At age 36, our reader asks if he should invest directly in Vanguard funds or continue to do so via his SIPP
I’m 36 years old, self-employed and have opened a Sipp with Hargreaves Lansdown. I’ve mostly been buying Vanguard Global ETF index funds and global bonds. Through this pension, I get the 25% top-up from tax relief on pension contributions as well.
But would I be better owning the funds direct with Vanguard? Vanguard’s fees are very low and every time I buy with Hargreaves there is a charge, as well as other fees I may not be aware of.
Does the tax relief benefit outweigh the fees that Hargreaves charges?
I am also wondering whether I should keep a smaller amount of these funds direct with Vanguard, so I can access them if I want an earlier retirement. What would you suggest?
The good news is that you have made an excellent start on your savings journey by taking advantage of the benefits offered by pensions, says Craig Palfrey, certified financial planner at Penguin, a Cardiff-based wealth management firm.
“The 25% return you are getting on the pension contribution - the equivalent of 67% if you become a higher-rate taxpayer in the future – is certainly worth taking advantage of and, in theory, should outweigh any charges that are incurred.”
But he suggests if you are concerned about the charges you pay, that could be a reason to review how you are currently investing and potentially consider a change of provider.
He also raises the question of whether a Sipp is appropriate at this point in your savings journey, as you may be paying for additional features you don’t currently need.
Start by reviewing your choice of Sipp and whether it is the most suitable type of pension for your needs.
“For most people, a personal pension will provide access to all the funds they could need,” says Palfrey. “A Sipp is really only for those who are using their pensions to buy direct shares in companies or buying commercial property.”
However, not all Sipps charge more despite offering greater options, so you may not end up paying more for features you are not using at this stage.
Also, if you were to buy funds direct from Vanguard you would lose the advantages of saving through a pension, warns Mike Barrett, consulting director at Edinburgh-based the lang cat.
“Vanguard has been planning to launch a Sipp as part of its direct offering in the UK, but this is yet to happen,” he points out. “As a result, if you invest with it now you’ll be forgoing the tax relief available for your Sipp contributions.”
Alternatively, you could buy the funds through an Isa, using an investment platform.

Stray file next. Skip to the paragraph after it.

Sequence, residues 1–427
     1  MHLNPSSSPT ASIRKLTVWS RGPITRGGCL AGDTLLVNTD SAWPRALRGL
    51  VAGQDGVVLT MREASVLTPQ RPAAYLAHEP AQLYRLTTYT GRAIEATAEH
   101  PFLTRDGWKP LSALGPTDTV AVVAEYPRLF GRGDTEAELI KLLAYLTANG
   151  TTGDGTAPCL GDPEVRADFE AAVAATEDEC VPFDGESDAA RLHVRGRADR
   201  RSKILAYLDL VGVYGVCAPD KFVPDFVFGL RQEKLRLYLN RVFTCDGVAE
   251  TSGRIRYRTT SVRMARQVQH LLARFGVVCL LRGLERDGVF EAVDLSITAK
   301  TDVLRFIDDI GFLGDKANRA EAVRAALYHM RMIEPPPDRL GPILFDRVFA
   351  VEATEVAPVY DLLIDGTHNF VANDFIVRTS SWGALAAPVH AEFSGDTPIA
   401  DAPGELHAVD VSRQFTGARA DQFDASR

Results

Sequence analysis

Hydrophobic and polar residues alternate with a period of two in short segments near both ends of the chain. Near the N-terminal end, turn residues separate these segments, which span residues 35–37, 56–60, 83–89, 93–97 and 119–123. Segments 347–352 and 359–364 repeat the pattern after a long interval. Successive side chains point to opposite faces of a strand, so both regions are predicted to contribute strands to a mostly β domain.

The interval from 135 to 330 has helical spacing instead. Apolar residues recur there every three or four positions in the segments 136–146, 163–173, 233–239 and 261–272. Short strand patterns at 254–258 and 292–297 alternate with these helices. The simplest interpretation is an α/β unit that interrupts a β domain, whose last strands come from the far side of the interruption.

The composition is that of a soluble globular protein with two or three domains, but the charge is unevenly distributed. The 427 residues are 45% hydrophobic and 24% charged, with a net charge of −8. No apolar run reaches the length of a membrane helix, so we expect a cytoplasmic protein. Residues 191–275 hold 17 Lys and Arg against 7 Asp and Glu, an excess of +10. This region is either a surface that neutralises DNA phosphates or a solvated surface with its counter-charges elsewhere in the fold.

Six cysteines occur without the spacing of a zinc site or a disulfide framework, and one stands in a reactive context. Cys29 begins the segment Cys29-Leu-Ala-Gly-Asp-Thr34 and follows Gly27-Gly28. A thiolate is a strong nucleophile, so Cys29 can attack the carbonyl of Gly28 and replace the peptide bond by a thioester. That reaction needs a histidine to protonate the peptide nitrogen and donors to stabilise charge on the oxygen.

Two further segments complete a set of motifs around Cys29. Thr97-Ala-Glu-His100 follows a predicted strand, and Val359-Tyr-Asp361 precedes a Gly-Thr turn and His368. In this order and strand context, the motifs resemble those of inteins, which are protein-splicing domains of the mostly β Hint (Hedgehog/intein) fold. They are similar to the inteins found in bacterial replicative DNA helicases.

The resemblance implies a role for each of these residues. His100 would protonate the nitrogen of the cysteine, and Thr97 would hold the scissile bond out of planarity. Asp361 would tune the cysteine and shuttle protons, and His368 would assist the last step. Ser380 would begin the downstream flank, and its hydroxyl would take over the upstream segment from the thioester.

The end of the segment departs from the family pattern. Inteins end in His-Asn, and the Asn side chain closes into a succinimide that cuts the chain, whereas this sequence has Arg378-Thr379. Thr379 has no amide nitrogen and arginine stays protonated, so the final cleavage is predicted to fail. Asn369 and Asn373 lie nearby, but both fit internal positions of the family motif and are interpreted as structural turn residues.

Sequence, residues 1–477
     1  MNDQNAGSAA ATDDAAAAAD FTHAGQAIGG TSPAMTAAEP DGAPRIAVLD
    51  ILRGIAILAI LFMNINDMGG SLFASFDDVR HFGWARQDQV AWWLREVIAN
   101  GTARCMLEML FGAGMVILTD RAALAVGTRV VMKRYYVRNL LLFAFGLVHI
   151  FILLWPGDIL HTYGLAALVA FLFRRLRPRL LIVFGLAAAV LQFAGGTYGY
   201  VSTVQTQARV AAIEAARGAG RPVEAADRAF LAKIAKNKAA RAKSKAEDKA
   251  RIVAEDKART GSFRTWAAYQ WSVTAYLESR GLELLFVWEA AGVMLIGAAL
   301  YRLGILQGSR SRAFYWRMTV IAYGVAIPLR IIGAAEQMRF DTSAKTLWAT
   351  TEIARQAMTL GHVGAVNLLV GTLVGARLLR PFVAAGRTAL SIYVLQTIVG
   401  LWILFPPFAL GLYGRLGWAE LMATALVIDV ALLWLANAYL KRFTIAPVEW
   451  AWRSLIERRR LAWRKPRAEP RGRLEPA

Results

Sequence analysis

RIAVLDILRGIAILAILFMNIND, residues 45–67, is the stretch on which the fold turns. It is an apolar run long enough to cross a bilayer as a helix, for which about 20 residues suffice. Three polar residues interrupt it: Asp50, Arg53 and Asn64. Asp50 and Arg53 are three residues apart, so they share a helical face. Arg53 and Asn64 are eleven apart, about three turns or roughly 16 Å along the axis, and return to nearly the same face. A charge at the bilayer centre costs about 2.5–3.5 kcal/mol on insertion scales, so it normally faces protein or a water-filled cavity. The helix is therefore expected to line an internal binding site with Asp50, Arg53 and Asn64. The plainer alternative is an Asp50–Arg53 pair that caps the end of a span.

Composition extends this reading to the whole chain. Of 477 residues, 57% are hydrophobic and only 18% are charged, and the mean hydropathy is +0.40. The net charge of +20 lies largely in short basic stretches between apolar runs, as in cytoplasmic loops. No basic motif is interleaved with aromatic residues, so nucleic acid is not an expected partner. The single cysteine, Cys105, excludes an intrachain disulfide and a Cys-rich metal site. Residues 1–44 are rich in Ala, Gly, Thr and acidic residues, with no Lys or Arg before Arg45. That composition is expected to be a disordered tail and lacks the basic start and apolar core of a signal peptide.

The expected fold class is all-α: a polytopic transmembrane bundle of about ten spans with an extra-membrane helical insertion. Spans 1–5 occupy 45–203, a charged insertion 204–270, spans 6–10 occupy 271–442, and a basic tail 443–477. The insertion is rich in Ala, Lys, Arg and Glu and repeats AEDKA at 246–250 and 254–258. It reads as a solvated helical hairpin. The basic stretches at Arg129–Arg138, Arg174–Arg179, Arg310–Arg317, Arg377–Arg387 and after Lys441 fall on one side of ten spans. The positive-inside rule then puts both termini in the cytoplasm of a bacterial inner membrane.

“You would not get the 25% tax-free cash if you did that, but you would have access to the money should you need it,” says Palfrey. “You could also add it to a pension later down the line, subject to your allowances.”
If you invest through a platform, there are ways you can keep costs down. But it would mean working out the total cost of investing and knowing the amount you are investing and how often you will be trading.
“Over the long term, these charges can have a huge impact on your overall returns, so it’s important to make sure your costs are as low as possible,” Barrett observes.
“Ask the platforms themselves to explain their charges to you and how much it will cost to invest.”
It is also worth paying attention to whether your investments are well diversified. In other words, that you don’t have all your eggs in one basket.
“It’s great that you have looked to spread the risk, but I’m not sure if it is diversified enough and you could maybe make a change there,” suggests Palfrey. “It might be that having fixed-interest investments in your portfolio isn’t necessarily right for you at this point, for example, given your young age and time to retirement.”
The exact balance of your portfolio depends on factors such as your appetite for risk, and Palfrey believes it is worth paying for professional advice to discuss your investment goals and what you want from your pension. He recommends that if you don’t seek advice, you should try to rebalance your funds at least once a year.
“Over time, your investments will become bent out of shape because the underlying performance will mean that if you have bought 50% in each of the funds you mention then at the end of year one there could be 60% in one and 40% in the other,” he explains.
“Rebalancing would take you back to your original 50/50 holding. Over the long term, this will add real value to your total returns.”
Jeff Salway is a financial writer for publications including Money Observer.